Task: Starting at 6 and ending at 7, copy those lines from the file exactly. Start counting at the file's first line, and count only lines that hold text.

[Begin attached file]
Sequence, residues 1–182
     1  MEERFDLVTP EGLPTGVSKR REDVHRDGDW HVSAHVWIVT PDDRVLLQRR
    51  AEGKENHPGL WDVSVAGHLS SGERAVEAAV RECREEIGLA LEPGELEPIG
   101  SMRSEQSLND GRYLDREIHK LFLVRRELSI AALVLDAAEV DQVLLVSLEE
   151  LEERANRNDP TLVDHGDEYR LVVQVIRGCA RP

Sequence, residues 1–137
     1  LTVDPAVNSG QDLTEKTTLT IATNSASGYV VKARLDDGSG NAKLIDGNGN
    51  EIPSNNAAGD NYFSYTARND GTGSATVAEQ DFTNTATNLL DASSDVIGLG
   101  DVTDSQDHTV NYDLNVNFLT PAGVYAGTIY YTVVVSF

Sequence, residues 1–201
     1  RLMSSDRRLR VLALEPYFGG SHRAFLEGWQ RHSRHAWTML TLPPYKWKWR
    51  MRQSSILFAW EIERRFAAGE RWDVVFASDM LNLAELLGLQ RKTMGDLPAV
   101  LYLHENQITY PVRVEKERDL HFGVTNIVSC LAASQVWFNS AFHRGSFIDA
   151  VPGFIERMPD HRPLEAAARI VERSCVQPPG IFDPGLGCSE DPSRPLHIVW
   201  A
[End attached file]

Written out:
Sequence, residues 1–137
     1  LTVDPAVNSG QDLTEKTTLT IATNSASGYV VKARLDDGSG NAKLIDGNGN